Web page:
Got opposite hip and shoulder pain? You may have dysfunction in your anterior oblique or posterior oblique sling! Our muscles and myofascial structures work together in slings or subsystems to create dynamic, rotational movement. We see these slings at work in movement patterns like walking, throwing a ball, swinging a tennis racket, and even crawling on the ground! Because the structures in these slings require cohesive effort, a weakness in one part of the sling could cause another part to overwork. The basic sling composition is:
Posterior oblique sling:
Opposite Latissimus Dorsi
Anterior oblique sling:
Behind every big, efficient, powerful joint movement is a set of muscles designed for power (phasic muscles) and a set of muscles designed for stabilization (postural muscles). The difference between these muscles lies in their muscles fibers. Postural muscles are composed of a higher percentage of red, slow-twitch fibers, which create slow, long-lasting contractions. While our phasic muscles are composed of a higher percentage of white, fast-twitch fibers, which create fast, powerful, short-lived contractions. You can’t have large movement without stabilization and still expect to move with efficiency and ease Methods like Pilates are built on strengthening stabilizing muscles in order to make larger movements more efficient and powerful.
It took me a while before I realized that multitasking isn’t productive and generally causes more harm than good. Like when I try to cook and talk on the phone at the same time... 😬 The serratus anterior is capable of multitasking. It is a muscle that spreads out across the rib cage in multiple directions and acts in multiple ways. Although it can stabilize the shoulder AND assist in chest breathing, doing these two things at once can overwork the muscle and cause pain around the shoulder and thoracic ribs. So when it comes to any movements that require shoulder stabilization (anything from throwing a ball to lifting your toddler into the car) breathe through your belly instead of higher up in your chest to allow the serratus to focus on shoulder stability.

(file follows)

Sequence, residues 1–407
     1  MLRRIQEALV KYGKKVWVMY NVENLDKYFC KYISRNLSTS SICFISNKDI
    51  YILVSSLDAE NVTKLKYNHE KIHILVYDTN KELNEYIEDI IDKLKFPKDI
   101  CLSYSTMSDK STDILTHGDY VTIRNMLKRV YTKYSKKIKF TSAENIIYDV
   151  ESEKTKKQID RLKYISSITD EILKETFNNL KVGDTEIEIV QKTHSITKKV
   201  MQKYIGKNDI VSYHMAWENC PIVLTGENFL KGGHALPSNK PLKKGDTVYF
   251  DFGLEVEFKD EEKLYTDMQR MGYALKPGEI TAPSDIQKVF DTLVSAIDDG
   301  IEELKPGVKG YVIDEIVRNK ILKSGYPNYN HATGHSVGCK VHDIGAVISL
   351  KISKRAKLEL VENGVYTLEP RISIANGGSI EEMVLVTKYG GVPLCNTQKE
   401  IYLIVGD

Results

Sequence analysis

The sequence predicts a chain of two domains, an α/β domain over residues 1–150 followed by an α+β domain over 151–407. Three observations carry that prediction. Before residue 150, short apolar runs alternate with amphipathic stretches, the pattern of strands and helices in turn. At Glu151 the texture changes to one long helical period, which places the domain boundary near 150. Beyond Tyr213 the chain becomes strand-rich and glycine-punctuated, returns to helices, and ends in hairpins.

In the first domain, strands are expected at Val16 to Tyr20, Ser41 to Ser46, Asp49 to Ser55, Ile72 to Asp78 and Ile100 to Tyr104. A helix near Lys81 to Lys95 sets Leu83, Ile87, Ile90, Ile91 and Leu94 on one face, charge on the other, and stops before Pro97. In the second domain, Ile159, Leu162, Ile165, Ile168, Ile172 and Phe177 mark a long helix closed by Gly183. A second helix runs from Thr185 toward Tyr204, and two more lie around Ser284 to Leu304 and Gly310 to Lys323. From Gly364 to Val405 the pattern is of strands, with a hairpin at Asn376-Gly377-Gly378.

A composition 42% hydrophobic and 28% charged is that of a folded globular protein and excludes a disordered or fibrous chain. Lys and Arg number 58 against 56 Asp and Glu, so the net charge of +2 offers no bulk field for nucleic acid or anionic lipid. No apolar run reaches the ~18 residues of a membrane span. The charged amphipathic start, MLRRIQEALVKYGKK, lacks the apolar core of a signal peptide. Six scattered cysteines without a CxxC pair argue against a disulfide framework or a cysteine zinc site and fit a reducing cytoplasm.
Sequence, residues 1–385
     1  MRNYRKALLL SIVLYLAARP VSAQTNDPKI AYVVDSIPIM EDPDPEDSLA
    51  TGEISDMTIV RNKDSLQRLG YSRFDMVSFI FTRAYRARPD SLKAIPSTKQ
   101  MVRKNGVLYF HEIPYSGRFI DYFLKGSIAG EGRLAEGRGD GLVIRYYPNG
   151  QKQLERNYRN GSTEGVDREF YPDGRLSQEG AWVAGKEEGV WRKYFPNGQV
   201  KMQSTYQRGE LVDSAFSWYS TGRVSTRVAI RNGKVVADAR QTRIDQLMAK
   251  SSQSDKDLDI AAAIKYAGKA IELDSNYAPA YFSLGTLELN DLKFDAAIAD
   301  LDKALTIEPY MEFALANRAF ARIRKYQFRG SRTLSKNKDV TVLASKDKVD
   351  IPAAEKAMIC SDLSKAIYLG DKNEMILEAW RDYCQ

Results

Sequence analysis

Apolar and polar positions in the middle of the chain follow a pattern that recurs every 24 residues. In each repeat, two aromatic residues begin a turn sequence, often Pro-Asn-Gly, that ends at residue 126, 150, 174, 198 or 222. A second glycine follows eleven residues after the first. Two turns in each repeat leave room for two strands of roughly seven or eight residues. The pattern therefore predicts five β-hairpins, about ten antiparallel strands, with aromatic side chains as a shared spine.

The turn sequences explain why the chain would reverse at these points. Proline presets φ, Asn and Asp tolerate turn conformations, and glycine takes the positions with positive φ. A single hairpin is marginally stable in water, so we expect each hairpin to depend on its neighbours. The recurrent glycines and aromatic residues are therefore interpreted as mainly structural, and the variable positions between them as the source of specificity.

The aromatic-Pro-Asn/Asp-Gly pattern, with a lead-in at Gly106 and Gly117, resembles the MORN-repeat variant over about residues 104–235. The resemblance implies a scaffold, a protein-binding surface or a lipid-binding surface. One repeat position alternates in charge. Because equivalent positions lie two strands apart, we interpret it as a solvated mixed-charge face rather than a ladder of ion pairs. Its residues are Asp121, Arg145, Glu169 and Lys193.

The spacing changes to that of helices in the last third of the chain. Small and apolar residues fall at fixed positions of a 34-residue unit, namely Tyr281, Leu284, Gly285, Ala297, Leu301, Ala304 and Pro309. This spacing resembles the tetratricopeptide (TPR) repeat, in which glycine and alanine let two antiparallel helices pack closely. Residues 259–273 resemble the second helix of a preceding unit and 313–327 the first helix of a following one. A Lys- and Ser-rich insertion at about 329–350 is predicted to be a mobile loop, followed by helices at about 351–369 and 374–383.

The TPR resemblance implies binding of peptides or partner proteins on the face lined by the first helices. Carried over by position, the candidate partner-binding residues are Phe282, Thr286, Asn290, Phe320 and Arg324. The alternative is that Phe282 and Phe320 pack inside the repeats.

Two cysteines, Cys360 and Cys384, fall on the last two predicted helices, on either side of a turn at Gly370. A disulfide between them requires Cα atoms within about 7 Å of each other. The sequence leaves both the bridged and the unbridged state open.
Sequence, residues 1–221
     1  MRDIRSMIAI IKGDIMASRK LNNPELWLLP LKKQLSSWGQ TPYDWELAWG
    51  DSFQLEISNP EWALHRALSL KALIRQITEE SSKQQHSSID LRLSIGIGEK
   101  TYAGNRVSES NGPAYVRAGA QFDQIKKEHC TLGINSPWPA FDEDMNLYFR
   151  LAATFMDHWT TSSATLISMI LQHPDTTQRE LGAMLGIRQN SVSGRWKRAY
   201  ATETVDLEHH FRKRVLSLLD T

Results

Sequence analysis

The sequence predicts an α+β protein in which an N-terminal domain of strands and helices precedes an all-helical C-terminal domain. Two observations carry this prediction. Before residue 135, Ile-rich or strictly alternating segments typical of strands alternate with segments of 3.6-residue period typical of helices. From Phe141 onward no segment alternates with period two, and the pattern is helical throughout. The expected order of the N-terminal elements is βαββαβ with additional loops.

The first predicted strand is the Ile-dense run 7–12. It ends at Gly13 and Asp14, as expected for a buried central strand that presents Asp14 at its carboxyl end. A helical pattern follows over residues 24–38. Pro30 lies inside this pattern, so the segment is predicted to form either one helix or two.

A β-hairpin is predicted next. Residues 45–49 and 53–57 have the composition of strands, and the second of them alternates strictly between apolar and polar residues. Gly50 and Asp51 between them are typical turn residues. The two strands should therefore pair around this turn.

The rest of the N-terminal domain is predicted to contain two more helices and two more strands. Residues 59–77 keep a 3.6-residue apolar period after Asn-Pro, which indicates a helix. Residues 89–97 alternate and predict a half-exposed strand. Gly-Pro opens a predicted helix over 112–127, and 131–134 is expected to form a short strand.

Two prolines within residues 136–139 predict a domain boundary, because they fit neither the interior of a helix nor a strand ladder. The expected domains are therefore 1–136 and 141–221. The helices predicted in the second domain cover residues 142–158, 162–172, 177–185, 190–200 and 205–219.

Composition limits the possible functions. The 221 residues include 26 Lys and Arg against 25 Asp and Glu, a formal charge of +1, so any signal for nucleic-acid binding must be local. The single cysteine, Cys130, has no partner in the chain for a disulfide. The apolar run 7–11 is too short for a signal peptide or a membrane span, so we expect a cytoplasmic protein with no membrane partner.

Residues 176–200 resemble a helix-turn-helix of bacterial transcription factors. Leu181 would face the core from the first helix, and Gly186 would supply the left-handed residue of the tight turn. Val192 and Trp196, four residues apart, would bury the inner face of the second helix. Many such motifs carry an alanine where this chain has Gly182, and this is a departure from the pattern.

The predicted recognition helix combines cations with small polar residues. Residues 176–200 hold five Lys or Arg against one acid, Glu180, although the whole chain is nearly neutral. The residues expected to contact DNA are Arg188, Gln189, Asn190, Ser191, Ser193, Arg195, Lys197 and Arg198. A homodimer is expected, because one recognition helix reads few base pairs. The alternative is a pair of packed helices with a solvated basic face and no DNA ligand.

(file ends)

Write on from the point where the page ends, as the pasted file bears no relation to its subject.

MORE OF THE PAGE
*Fyi: I used a combo of neurokinetic therapy and myofascial techniques to isolate and relieve the overworking serratus muscles in the examples given.
One of the many reasons I love being a bodyworker...
It’s a competitive world out there with lots of pressure to become more productive, happier and wealthier—all while staying healthy and sane! I truly believe that we can achieve our most productive, happiest, and most successful selves when we are well-connected to our bodies and able to distinguish between the things that serve us and the things that drain us. I believe massage therapy is a profound way to connect to our bodies. It allows us to confront the physical manifestation of the stressors that do not serve us. If we can be honest about the impact stress can have on our bodies, then we can reframe our relationship to those stressors and continue to try to be our most productive, happy, and successful selves without waging war on our bodies.
Empowerment beyond the massage table...
As a bodyworker and teacher, I love helping to educate people about their bodies. I think our relationship to our bodies is vitally important to our mental health. This blog features a few tools, articles, and fun facts to help you empower your body :) -Emily